There is no way around the fact that PC cooling is an important part of both office desktops as well as massive gaming rigs. Corsair is one of the major players on the market when it comes to PC cooling, and in this review, we take a look at its new iCUE H115i RGB PRO XT water cooler.
For many years, Corsair has been a renowned manufacturer of all-in-one (AIO) coolers. AIO coolers are water coolers that can be installed in your PC, and they are a whole lot easier to install than a custom water cooling loop. In this review, we’ll be checking out the H115i RGB PRO XT CPU cooler, which is its newest addition to the H115i series.
First, let’s look at the hard facts.
Cooling Warranty: Five years
Cold Plate Material: Copper
Radiator Material: Aluminum
CORSAIR iCUE Compatibility: Yes
Tubing Length 380 mm
Cold Plate Dimensions: 56 x 56 cm
Tubing Material: Black Sleeved Low-Permeation Rubber
Radiator Dimensions: 322 mm x 137 mm x 27 mm
Fan Dimensions: 120 mm x 25 mm
Fan Speed: 2000 RPM
Number of Fans: 2
Cooling Socket Support: Intel 1150/1151/1155/1156, Intel 2011/2066, AMD AM3/AM2, AMD AM4, AMD sTR4, AMD sTRX4
Radiator Size: 280 mm
Fan Model: ML series
Fan Control Method: PWM
AMD Processors Supported: Ryzen Threadripper, Ryzen, Phenom II, Athlon II, FX, A-Series, Opteron, Sempron, Athlon 64
Intel Processors Supported: Core i9, Core i7, Core i5, Core i3, Pentium, Celeron
Fan Airflow: 63 CFM
Fan Static Pressure: 3.0 mm-H2O
Noise Level: 36 dBA
We are dealing with a 280 mm cooler, which means that the radiator has a size that will support the use of two 140 mm fans. The included Corsair ML fans make use of magnetic levitation instead of an ordinary ball bearing inside the fan. This should equate to less noise and vibrations when the fan runs at higher speeds. These fans will run between 400 RPM and 2000 RPM.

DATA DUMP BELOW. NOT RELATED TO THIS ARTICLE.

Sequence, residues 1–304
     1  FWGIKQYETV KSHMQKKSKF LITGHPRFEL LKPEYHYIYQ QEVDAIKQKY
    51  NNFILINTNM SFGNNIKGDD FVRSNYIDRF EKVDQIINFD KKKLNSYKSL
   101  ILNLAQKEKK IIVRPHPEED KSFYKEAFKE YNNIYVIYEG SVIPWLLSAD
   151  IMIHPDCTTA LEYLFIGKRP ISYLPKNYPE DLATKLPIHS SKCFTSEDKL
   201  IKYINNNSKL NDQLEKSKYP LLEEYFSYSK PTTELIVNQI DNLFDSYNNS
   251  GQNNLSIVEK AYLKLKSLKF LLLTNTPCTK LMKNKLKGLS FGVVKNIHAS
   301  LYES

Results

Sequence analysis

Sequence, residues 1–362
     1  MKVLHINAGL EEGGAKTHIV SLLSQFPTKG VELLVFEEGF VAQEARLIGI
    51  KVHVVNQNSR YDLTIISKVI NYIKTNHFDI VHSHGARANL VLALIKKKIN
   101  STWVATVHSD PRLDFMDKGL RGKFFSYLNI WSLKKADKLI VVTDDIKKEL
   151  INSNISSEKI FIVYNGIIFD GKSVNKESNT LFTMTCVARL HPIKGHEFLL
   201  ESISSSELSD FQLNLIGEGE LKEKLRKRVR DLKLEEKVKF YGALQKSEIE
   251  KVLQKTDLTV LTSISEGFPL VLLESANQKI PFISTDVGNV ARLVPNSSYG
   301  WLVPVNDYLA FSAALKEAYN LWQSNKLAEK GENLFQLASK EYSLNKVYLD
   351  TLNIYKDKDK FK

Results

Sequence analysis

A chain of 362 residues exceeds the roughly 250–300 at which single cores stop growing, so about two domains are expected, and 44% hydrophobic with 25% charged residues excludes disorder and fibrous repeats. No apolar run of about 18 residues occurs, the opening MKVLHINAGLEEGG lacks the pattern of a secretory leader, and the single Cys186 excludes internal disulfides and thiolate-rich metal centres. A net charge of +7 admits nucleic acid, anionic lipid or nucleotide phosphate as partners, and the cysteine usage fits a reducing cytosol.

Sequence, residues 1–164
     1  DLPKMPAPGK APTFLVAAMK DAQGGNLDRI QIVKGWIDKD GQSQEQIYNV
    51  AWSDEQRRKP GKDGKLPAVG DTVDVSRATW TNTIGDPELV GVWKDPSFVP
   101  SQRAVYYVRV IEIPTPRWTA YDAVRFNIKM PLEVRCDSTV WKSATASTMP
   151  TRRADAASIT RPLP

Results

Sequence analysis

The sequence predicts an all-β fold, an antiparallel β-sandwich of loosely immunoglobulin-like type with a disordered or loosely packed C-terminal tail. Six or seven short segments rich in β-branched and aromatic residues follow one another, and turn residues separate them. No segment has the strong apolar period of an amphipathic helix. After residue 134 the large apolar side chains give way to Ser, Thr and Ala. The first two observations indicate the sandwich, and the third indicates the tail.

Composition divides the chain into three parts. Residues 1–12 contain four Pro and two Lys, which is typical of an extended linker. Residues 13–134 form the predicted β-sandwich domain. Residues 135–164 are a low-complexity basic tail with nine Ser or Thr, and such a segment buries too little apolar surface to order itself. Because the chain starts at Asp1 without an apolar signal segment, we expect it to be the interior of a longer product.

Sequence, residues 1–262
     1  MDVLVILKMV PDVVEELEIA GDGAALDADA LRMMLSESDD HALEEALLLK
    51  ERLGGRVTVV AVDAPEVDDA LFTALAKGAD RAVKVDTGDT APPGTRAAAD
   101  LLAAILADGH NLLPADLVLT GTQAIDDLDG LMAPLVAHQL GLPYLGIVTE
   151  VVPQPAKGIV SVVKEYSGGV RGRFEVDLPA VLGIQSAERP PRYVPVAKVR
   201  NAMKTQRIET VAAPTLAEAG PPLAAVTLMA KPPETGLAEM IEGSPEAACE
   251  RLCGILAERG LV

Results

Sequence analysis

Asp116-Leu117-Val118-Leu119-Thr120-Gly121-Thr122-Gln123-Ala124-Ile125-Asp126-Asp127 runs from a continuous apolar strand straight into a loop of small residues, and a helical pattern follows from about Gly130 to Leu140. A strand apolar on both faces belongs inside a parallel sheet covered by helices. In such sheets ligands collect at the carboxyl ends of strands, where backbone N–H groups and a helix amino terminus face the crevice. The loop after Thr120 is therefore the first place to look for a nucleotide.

Since this is a 280 mm cooler, you have to make sure that your case will support a cooler of this size. Most cases support 120, 240 and 360 mm radiators, but a 280 mm cooler is slightly wider, which is important to note.
Packaging and Content
Let’s have a look at what’s important and that is what you get for your buck with this cooler. The box sports the typical Corsair colors: black and yellow. On the front, we find an image of the cooler and a note about its RGB lighting feature. The rest of the box just lists some basic information about the product such as the dimensions and supported processors. In terms of processor support, this cooler essentially supports every AMD and Intel processor produced the past 15 years. As such, unless you are using a prehistoric relic as your daily driver, you should be all good.
Once we get it out from its dwelling, we see the beast in all its glory. A substantial 322 mm x 137 mm x 27 mm radiator and an RGB-lit pump head with a 56 mm cold plate that are connected to each other via 380 mm dark-sleeved tubing. You also find the two ML140 fans that are black with gray fan blades, mounting brackets for various processors and motherboards, a lot of screws and a couple of cables and a manual. We highly recommend not discarding the manual up front since it will provide valuable information regarding which screws and brackets are used for your CPU and motherboard combo.
A Closer Look
Before we get to the installation, let’s have a closer look at the goodies.
The cooler is black in the sense that the radiator, the pump and the tubes are completely black. This means that this cooler will fit into most builds. Unfortunately, the two included fans have gray fan blades, and would’ve been cooler if they too were black now that there aren't any RGB lights anyways. After all, these aren’t cheap fans and therefore not some that you’d be likely to replace just like that.